Bye bye whisky, hello apple juice: Fatherhood drastically reduces a man's smoking and drinking, says a 19-year-long study out of Oregon.
Tobacco and alcohol go out the window when men become fathers for the first time, as does crime, said the researchers, who followed some 200 at-risk boys from the age of 12 to 31.
While for many, bad habits lose their appeal as they age, the researchers said fatherhood was an independent factor in the declines.
"This research suggests that fatherhood can be a transformative experience," lead author David Kerr, assistant professor of psychology at Oregon State University, said in a release, which did not clarify whether the men were coerced into quitting by their partners, or chose to for the sake of their children.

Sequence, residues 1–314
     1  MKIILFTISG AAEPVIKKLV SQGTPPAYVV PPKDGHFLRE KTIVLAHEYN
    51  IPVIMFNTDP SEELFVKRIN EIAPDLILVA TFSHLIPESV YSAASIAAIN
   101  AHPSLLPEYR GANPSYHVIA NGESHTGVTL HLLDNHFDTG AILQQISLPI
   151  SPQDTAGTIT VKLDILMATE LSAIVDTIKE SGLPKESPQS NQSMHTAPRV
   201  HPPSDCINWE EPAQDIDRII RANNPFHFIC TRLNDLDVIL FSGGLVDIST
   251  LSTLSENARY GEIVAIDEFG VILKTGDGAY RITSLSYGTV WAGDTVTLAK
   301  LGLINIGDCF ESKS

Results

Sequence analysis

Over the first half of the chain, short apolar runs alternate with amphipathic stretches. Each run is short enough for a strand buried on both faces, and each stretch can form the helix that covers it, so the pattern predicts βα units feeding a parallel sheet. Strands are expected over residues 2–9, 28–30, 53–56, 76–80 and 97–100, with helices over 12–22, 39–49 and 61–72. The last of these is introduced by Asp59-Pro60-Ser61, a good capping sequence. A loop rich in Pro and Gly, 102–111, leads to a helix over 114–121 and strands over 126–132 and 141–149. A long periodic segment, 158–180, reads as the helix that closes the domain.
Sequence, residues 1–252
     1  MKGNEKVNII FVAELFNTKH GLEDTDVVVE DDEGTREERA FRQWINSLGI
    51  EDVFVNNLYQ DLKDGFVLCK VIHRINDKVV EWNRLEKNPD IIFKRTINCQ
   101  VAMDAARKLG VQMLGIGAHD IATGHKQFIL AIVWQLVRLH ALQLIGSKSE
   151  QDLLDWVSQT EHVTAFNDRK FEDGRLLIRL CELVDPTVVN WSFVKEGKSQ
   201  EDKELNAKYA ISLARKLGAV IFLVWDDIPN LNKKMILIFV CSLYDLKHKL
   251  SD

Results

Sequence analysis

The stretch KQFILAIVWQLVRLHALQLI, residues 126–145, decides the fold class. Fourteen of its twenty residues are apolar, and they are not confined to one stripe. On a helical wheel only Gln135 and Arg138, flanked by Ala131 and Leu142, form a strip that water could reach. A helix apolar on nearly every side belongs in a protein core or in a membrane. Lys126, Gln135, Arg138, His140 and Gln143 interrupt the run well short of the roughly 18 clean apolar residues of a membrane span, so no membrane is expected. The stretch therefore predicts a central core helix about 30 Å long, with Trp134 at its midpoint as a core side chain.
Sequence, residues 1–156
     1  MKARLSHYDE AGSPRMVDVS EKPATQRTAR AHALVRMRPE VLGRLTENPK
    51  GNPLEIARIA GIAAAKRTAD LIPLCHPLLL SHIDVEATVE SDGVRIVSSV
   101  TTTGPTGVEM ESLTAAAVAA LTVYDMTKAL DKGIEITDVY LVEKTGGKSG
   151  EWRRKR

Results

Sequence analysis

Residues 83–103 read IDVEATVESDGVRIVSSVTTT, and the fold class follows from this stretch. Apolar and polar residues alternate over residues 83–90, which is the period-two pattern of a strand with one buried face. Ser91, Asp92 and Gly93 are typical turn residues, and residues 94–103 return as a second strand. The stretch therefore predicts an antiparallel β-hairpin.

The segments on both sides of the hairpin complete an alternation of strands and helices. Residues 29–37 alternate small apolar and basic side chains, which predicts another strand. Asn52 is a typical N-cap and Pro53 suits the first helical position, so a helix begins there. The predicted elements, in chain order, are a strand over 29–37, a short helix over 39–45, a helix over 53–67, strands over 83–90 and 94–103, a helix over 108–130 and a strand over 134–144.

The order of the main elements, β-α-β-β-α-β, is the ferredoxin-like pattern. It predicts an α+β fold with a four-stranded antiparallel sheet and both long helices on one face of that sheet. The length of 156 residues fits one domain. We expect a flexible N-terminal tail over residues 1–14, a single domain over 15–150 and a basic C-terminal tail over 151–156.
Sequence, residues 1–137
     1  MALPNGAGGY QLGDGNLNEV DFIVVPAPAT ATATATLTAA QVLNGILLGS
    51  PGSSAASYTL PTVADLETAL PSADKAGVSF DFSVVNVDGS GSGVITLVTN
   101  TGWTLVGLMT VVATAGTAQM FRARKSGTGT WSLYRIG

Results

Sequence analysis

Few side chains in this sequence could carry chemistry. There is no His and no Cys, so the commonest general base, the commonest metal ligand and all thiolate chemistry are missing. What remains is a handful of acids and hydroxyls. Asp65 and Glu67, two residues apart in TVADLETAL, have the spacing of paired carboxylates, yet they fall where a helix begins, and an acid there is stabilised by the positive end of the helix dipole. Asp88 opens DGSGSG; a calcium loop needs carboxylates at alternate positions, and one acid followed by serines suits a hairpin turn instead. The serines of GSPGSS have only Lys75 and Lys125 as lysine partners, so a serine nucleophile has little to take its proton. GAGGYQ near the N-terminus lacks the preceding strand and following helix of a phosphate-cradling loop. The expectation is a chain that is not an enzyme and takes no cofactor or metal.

Prof. Kerr suggested the study, published in the current issue of the Journal of Marriage and Family, has implications for intervention: "New fathers might be especially willing and ready to hear a more positive message and make behavioural changes."
(Among heart attack victims, married men get to hospitals faster than their single counterparts, for instance.)
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